A destructive love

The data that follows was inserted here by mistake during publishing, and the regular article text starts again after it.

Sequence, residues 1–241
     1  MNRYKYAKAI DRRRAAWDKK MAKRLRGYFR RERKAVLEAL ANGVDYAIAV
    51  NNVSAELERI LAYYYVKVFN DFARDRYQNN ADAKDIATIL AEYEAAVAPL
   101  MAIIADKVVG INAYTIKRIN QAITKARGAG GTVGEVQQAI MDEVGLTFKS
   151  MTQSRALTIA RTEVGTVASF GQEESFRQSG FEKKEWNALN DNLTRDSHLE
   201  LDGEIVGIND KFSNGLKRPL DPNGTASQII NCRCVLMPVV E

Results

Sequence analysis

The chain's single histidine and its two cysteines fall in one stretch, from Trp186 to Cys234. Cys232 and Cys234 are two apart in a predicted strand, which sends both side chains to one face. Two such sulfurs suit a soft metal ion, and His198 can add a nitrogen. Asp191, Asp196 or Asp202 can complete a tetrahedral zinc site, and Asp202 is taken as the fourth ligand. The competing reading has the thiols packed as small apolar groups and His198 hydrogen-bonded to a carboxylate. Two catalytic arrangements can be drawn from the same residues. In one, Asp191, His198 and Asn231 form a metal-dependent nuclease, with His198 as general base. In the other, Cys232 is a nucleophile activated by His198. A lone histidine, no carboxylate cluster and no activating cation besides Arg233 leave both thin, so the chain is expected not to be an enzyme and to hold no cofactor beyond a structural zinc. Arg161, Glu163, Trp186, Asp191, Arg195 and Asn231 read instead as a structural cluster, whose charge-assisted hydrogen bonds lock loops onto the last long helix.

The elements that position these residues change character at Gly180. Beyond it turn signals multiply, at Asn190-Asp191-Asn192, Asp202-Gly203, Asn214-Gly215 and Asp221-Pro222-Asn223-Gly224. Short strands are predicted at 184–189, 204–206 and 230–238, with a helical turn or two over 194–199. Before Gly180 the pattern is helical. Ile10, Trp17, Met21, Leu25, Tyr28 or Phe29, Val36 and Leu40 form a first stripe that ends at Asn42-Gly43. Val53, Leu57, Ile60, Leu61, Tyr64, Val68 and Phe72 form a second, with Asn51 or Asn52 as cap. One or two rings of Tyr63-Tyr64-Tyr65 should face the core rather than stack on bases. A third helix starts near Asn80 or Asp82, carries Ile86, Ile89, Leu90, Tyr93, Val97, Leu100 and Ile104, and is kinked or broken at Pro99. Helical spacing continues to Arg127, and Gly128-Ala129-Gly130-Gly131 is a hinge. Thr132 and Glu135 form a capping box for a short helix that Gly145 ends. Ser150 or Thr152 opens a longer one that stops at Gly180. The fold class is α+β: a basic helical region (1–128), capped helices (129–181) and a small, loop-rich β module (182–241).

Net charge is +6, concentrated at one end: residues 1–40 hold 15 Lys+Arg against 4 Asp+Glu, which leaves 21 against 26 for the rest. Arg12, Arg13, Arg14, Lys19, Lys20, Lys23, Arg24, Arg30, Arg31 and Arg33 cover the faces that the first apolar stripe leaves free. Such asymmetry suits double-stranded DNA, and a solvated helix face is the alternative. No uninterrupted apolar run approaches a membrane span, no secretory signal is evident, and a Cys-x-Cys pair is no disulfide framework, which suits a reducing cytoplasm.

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A destructive love Othello is such a character who is portrayed as a tragic hero through his high ranking in army, jealousy caused by racial inferiority, and credulousness for the villain Iago. In Shakespeare’s play, The Moor of Venice, jealousy is the major component constructed though out the entire play and eventually leads to Othello’s downfall and ultimately destroys his marriage with Desdemona. The play is a story of a black hero in the white community at an era of alteration from racist past to a less biased future. During this social transform period, a black Moor is able to be promoted over other white men and therefore Othello is in a higher ranking than most of white people in Venetian society. However, during this period of alteration, many social disciplines and social understanding are arbitrary. On one side, the society promotes a certain degree of racial equality by having black Moor appointed as general. On other side, Othello is alienated in Venetian society because most Venetians see him as an outsider whom is protecting their country. Therefore, Othello only gains respect for his bravery in fighting the war and his reputation for being a skilled general in the army and nothing else like his lieutenant, Cassio is, who comes from an upper class and white race family and has strong social skill. Othello is clearly aware the fact that he is not being recognized as part of Venetian society, yet he cannot do anything to the existing class prejudices. But not only that he is fully aware of presented racial prejudices, this racism has somewhat made him feel racially inferior to other light skinned people around him. Othello’s racial inferiority is intensified when he is being compared to Cassio ... ... middle of paper ... ...,” his jealousy of honor has blinded his mind and he wrestled with a rising feeling of impotence, self-pity and vengeance. Yet, this jealousy also blinds his mind when Desdemona tries to defend herself before Othello smothers her. Othello firmly believes his wife has cheated on him, and he confirms his deed by telling himself that he is defending his honor. Therefore, I believe that right before Othello kills Desdemona, he himself is too afraid that he is wrong about Desdemona because he firmly confirms himself the purpose of this monstrous murder with an apparently upright reason. However, his self-affirmation is crushed as Emilia reveals the truth about the handkerchief and the fact that Iago has plotted all these traces to mislead Othello. Othello’s loss of his one true love is like “the base Judean, threw a pearl away/ Richer than all his tribe” (5.2.352-353).
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